How Covid-19 Turned Two Travel Tech Entrepreneurs Into Climate Change Warriors

Battling climate change Anthony Collias, and Jacob Wedderburn-Day

Battling climate change Anthony Collias, and Jacob Wedderburn-Day 

This time last year entrepreneurs Anthony Collias, and Jacob Wedderburn-Day were flying high with their travel tech startup Stasher. Investment was coming in and the business was growing, but then the pandemic hit, and sales dropped to zero. Looking ahead, the only silver lining the pair could see was the favorable effect of the pandemic on the climate, which led them to launch Treepoints, a subscription service that makes it easy for people to live more sustainably, and rewards them for doing so.

They had launched Stasher in 2015 after graduating from Oxford University. The online platform links travelers, event-attendees, and hotel guests to ‘StashPoints’ where they can safely store their bags on a short-to-medium term basis. To date, the company has stored over half a million bags in 1200 locations globally. But in March last year, its future looked bleak.

“With a lot of uncertainty of what the future would bring for Stasher, the one certainty was the climate crisis, and we knew it wouldn’t go anyway anytime soon,” says Collias. “From talking to our friends and family we realized most people are worried about climate change and want to do good for the planet. For the first time in a while we had a lot of time to process, reflect and plan, and the solution we came up with was Treepoints, as a way of revolutionizing and simplifying the fight against climate change that everybody could get on board with.”

The founders launched the business in beta in November 2020, using the experience they’d gained from starting Stasher from scratch in 2015. They discovered that many of their skills were transferable, for example, creating a suitable business model, creating a website, finding partners, and gaining traction and momentum. One of the challenges they hadn’t faced before was doing all this remotely.

“One of the best things about starting from the ground up is the energy and creativity that comes from us all putting our heads together, and the creative conversations that result,” says Wedderburn-Day. “We soon learned that this is not quite the same when done virtually on video calls, so solutions to problems or ‘world-changing ideas are definitely harder to come by than pre-pandemic.”

Driving sales was also a challenge during lockdown. When they launched Stasher, the founders were going door-to-door, pitching to investors, entering competitions, flyering, and eventually developing a playbook that could be passed on and refined as new people joined the team. “This had to be completely re-written for Treepoints, as we had no choice but to adapt the strategies we used previously to generate good leads as well as reaching customers directly,” adds Wedderburn-Day.

The Treepoints platform rewards individuals for offsetting their carbon footprint. An emissions calculator curates the footprints of both individuals and businesses and enumerates them into a profile, displaying personalized stats; points accumulated over time, current balance, and the opportunity to refer friends. The carbon offset-to date data is broken down into comparable commodities such as flights, steak, residencies and presented with an offset versus lifetime emissions graph.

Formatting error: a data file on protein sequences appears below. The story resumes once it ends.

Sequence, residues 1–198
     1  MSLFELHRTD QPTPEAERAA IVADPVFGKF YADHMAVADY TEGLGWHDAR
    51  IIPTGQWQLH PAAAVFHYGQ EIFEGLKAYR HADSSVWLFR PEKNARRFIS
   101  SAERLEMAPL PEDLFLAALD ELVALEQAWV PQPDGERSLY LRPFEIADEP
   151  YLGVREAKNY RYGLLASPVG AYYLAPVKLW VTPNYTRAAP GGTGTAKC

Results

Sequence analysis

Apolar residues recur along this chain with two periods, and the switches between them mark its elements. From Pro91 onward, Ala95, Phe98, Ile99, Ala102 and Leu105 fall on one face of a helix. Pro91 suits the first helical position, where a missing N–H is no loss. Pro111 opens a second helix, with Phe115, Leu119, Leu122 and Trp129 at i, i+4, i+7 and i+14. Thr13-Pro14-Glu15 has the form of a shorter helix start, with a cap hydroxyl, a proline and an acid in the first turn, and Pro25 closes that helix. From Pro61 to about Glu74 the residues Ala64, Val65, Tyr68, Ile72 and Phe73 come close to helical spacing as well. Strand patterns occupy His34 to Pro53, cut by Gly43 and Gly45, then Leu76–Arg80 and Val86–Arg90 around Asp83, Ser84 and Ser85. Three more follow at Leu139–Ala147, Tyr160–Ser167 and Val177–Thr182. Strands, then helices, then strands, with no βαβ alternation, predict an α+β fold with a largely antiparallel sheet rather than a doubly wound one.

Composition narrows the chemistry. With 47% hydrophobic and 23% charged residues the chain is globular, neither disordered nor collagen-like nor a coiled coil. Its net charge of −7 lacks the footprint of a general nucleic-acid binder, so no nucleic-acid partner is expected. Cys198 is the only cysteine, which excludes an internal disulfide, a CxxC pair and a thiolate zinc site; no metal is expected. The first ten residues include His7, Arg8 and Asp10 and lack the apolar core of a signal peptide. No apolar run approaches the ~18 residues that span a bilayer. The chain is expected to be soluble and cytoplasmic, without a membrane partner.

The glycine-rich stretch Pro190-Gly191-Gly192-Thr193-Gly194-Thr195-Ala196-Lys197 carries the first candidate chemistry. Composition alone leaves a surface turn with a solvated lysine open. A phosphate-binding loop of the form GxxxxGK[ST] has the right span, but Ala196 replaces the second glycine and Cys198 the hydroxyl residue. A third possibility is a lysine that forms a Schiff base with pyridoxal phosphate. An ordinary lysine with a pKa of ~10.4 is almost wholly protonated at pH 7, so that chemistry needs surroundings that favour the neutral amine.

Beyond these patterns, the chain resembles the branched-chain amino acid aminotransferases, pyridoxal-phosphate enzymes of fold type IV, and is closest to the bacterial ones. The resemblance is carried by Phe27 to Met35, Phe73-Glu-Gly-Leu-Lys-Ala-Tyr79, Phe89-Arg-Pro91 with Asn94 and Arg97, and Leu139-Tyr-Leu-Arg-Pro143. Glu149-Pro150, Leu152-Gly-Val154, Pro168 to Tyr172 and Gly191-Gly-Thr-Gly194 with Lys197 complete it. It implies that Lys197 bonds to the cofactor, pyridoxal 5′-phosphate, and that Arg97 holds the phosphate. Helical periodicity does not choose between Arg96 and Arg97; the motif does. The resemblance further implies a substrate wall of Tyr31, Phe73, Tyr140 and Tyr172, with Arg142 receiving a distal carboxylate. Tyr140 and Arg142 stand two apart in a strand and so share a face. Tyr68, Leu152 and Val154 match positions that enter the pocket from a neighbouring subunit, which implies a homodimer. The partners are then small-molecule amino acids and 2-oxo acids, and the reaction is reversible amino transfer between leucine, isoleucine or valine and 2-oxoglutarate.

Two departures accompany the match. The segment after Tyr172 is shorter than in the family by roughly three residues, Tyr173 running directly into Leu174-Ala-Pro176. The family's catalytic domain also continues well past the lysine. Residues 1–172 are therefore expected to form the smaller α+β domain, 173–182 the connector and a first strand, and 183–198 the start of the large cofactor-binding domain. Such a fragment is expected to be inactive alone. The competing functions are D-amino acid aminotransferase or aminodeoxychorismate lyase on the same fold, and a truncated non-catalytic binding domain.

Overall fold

“Users then have the opportunity to join teams at the company they work at or with friends and family,” says Collias. “They’re also able to compare themselves with other teams and businesses regionally and nationally through a rankings table.”

The carbon footprint rewards – Treepoints – are redeemed through the company’s green marketplace, which features brands such as Patagonia and Tom’s, and offers exclusive discounts via its green partners.

Treepoints operates as a subscription service, with monthly membership fees starting from £3.25 in the U.K., which offsets the six tons of CO2 a year emitted by the average resident. In the U.S., where the average resident emits 17 tons, plans start at $8.50. The money is used to support UN-certified sustainable carbon reduction projects all over the world.

An API can also be integrated into external business websites. “This means independent sellers and international companies have the option for users to offset carbon emissions, or to plant a tree, at the point of purchase, using the API,” explains Wedderburn-Day.

Within two months of its launch, Treepoints has attracted 1,000 followers on Instagram, been certified as a social enterprise, and offset over 200 tons of carbon. The founders are now focusing on rapid growth to help more individuals and businesses achieve carbon neutrality and even climate positivity.

“We need to sign up more customers and more businesses on the platform and work with more, larger, partners,” says Collias. “We are also working towards a slicker, faster, and more engaging user experience with external product work as well as funding.”

As the world emerges from lockdown and restrictions lift across the world, domestic and international travel will resume and Stasher will also ramp up its operations, complete with product improvements, including a low-cost global luggage courier service, that will help to attract more and visitors to the site.

However, with climate change now a matter of urgency and a top priority for everyone, all eyes will be on initiatives like Treepoint that can help people who want to make a difference.

“Climate change is something of a taboo subject because everyone is aware of it, but when you focus on it for too long, you can quickly become overwhelmed or feel hopeless to change,” says Wedderburn-Day. “Worst of all, you end up doing nothing about it. Our goal is to simplify and make it accessible for everyone to track and reduce their carbon footprint in a very tangible way.”

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